Opening Cross: To Ensure Data Quality, Keep Long Leases on Short Leashes

Sell-off-and-lease-back strategies require supreme—award-winning, even—confidence in your partners.


There’s an old saying in the data world that—much like beer—you never really buy market data, you merely lease it. After all, you rarely have any of the rights that would usually come with ownership of a commodity. Instead, what you can do with data is often severely restricted, and any rights that you do obtain outside of normal usage come at a high price.

In some cases, consumers say, these restrictions are tactics by exchanges and vendors to generate additional revenues without providing any additional value, to make up for other underperforming business areas. In other cases, exchanges say they impose fees and restrictions to make up for data usage that falls outside that which they envisaged for the data—such as firms using it to generate their own analytics or pricing, rather than using it to trade on the exchange, or where demand creates a costly burden on an exchange to run a delivery infrastructure to serve a specific client type.

For example, the Moscow Exchange has begun making streaming real-time and end-of-day data available via its website for firms and individual traders who subscribe to its data but do not necessarily reciprocate by trading on the exchange. By not having to support traditional licensing and delivery mechanisms for this growing audience, the exchange will maintain the flexibility and resources to continue developing and enhancing its data products, rather than having those resources tied up providing trading-level infrastructure to non-trading clients.

Meanwhile, others are taking the leasing concept to a whole new level. Within the last week, CME Group announced a surprise deal to offload its flagship co-location center in Aurora, Illinois to datacenter operator CyrusOne and lease back the space that it occupies. The co-lo center had been the jewel in the crown of the modern-era CME: a uniquely modern facility that had in effect forced firms to move servers out of datacenters in downtown Chicago and forced network providers to build a spur onto any network connecting Chicago to other market centers. However, CME now says it isn’t in the real estate business, likening the datacenter to old floor-trading buildings.

In a similar vein, Markit last week acquired Fitch Solutionscredit default swap pricing business to strengthen its offering, while Fitch will license back the CDS pricing for use in its own analytics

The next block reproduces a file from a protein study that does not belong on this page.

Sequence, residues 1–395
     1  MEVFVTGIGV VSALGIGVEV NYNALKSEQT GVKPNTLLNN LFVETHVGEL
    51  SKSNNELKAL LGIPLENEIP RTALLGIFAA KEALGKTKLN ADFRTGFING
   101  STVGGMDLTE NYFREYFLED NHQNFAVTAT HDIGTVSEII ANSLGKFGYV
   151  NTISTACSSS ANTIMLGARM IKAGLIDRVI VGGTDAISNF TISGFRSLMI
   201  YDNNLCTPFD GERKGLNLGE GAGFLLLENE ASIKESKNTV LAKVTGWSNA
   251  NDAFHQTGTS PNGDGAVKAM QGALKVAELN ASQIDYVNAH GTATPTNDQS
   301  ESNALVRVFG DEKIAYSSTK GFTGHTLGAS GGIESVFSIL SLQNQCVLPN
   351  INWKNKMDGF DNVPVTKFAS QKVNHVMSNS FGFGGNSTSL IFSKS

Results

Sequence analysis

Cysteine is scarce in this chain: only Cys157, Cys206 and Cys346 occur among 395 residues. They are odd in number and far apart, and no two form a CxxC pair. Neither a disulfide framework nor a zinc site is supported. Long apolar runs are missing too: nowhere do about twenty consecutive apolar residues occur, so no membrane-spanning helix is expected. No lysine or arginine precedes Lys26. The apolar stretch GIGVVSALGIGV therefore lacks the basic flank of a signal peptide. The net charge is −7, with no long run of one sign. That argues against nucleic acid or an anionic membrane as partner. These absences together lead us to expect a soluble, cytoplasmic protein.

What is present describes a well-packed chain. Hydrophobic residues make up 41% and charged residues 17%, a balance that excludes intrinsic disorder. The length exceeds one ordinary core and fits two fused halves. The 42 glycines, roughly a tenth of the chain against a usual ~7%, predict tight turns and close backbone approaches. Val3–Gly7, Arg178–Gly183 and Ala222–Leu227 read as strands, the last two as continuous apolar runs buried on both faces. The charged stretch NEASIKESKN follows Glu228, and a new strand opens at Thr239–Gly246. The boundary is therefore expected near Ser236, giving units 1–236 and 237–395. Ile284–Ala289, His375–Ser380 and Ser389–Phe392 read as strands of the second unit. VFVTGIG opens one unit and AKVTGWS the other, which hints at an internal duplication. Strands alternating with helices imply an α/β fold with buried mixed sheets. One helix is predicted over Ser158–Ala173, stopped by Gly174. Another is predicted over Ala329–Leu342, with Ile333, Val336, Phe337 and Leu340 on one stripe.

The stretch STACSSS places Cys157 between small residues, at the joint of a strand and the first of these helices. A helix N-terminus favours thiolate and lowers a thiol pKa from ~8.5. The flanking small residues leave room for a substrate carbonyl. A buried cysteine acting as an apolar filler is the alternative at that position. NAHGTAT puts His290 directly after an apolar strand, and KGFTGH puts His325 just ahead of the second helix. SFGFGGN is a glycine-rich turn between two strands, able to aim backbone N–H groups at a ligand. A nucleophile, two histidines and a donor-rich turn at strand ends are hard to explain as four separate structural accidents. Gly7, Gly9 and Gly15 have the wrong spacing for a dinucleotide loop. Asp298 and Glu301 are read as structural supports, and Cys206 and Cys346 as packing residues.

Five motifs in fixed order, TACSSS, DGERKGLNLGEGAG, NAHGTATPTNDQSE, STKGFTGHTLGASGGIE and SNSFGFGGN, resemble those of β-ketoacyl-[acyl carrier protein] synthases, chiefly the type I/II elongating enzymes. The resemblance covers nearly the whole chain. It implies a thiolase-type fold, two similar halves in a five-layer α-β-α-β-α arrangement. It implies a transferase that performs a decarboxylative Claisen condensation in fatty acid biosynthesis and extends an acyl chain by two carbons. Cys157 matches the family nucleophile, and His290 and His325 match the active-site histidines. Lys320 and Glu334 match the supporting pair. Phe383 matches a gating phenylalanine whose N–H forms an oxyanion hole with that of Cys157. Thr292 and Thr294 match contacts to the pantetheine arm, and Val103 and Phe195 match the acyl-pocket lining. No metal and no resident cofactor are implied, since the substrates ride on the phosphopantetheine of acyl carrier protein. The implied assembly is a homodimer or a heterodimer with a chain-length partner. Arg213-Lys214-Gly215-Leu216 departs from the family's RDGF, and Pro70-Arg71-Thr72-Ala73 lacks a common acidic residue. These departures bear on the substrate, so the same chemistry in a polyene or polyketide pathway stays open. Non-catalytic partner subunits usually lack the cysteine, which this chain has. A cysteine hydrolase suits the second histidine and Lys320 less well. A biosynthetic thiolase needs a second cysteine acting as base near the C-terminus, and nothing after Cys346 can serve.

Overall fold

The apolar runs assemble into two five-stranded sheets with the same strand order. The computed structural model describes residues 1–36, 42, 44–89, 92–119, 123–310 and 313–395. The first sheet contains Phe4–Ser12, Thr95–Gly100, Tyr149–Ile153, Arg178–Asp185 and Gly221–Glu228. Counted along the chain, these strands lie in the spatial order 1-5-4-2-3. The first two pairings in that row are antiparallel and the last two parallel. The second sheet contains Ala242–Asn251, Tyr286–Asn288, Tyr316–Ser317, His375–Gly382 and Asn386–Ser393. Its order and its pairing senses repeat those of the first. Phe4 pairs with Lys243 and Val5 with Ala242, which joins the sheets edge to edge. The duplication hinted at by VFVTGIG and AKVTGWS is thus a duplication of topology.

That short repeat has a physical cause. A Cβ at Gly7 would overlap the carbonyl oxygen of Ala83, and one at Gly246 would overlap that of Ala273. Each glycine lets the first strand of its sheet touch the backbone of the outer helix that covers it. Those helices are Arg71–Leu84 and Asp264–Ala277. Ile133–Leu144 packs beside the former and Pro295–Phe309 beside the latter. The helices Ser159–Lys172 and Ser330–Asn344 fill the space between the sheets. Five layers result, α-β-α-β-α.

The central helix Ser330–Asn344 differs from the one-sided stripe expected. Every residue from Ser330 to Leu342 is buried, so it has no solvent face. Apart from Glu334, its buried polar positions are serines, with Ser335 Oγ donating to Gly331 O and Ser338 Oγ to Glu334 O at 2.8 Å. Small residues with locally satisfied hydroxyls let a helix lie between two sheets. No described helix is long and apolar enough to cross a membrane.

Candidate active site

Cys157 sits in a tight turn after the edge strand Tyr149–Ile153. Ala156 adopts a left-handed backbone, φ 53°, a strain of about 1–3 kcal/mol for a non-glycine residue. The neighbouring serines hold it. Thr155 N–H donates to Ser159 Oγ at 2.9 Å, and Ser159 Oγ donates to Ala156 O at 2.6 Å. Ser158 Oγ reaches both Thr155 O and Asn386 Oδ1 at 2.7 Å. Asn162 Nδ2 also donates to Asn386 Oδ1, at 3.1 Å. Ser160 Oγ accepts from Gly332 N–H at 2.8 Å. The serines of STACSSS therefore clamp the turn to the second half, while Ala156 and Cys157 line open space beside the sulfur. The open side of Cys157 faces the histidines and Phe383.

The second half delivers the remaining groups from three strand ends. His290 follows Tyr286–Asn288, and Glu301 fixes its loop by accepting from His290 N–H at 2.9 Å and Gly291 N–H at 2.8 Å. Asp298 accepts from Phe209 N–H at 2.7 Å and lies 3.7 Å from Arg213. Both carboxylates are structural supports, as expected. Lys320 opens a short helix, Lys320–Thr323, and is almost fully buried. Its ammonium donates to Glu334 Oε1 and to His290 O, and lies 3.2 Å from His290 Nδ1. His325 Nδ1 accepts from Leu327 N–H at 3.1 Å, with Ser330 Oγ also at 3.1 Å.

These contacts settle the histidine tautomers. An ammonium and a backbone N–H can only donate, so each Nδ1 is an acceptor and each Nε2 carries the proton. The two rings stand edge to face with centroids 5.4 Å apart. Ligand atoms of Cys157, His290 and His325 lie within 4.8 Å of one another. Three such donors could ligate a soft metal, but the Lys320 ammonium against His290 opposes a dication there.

Hopefully all parties have concrete contracts and service-level agreements to secure the provision of what are really critical services to their respective businesses. Because while giving up control means bidding farewell to certain costs and responsibilities—while getting a big chunk of change—it also means losing control of areas where control has distinct advantages, and now relying on someone else whose priorities may not align with yours 100 percent of the time.

Tthis approach might remind you of how some US states are selling and leasing back any asset of value, from  official vehicles to municipal buildings. And speaking of municipal assets, some data consumers are concerned about municipal bond data. Already a hard-to-price asset because muni bonds are so thinly traded, some fear this data will also become more expensive since—via the acquisitions of Interactive Data and Standard & Poor’s evaluated pricing business—Intercontinental Exchange has cornered a large part of that market.

CME’s datacenter deal may be a win-win, but it closed after the cutoff for the Acquisition of the Year category in this year’s Inside Market Data and Inside Reference Data Awards, voting for which is underway now. The period for nominations in the expanded call-for-entry categories is also now open, and if you’re used to being shortlisted in the awards, or are thinking about nominating yourself or a company you’ve worked with, please review the new criteria and categories carefully, as some have changed from former years. Nominating is easy, and voting is even easier, so let us know who your winners are at

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